I have my great grandmother’s clock from Vienna. It doesn’t work, but I remember the chi...
Taiwan Semi Meeting Resistance
04/27/2010 3:32 pm EST
On Tuesday, April 27, Taiwan Semiconductor Manufacturing (NYSE: TSM), the largest manufacturer of chips for other companies, including Apple (Nasdaq: AAPL) and Intel (Nasdaq: INTC), reported first quarter earnings 10.1% above Wall Street’s expectations. Earnings of $1.07 billion were the highest since the fourth quarter of 2007.
The company said it expects momentum to continue in the second quarter, with sales forecast to rise 8.7% to 10.9% from the level of the first quarter. That would push revenue to a company record for a quarter. Gross margin will climb to 48% to 50% in the second quarter from 47.9% in the first quarter, the company projects.
Ordinarily, that kind of upside guidance would lead me to increase my target price for a stock. But while as a company, Taiwan Semiconductor may be cooking, Taiwan Semiconductor the stock (or actually, ADR, American Depositary Receipt) has a problem that makes me reluctant to raise my target price above the $12.50 a share that I set on January 29.
Look at a long-term chart of the Taiwan Semiconductor ADR and the problem just about reaches out to grab you by the throat. The last time this ADR was above $12.50 was way back in March 2002, when it hit $14.
From October 2000, the year of the technology stock crash, to April 2010, the stock has traded in a range below $12.50. That’s created huge resistance at $12 or so that the stock needs to overcome to move significantly higher. That resistance is made up of all the people who bought at prices up to $12 or so and who would be more than willing to sell out at that price to break even or show a slight profit.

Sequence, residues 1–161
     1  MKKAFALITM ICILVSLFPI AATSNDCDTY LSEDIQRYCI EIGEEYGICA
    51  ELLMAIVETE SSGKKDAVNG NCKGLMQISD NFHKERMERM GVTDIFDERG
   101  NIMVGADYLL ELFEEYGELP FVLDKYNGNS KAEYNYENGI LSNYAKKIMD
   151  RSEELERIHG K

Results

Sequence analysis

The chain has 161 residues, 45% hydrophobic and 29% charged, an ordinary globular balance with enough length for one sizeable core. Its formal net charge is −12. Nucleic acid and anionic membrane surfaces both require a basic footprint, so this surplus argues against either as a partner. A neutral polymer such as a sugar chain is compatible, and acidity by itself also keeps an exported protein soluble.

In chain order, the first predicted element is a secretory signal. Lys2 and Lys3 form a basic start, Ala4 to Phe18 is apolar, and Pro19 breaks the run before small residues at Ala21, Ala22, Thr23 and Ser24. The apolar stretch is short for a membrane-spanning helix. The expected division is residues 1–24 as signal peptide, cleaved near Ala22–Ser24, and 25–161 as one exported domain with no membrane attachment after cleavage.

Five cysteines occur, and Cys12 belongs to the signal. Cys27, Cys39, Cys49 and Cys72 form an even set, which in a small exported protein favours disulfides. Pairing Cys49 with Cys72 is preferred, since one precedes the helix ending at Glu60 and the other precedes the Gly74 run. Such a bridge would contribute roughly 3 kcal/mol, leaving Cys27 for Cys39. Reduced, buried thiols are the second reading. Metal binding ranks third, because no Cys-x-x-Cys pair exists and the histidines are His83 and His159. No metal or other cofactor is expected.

Getting through this kind of multi-year price ceiling can take years. And I’m reluctant to make that kind of time commitment for Jubak’s Picks for any technology stock; the sector is just too volatile. (And although I don’t want to buy them until we’ve seen some kind of correction in the current rally, I think there are better industrial technology bets if your time frame is longer than six months. For three ideas, see this recent post.) So, I’m leaving my target price at $12.50 by May 2010. That’s still roughly 17% above the stock’s price on April 27.
Full disclosure: I own shares of Taiwan Semiconductor in my personal portfolio.
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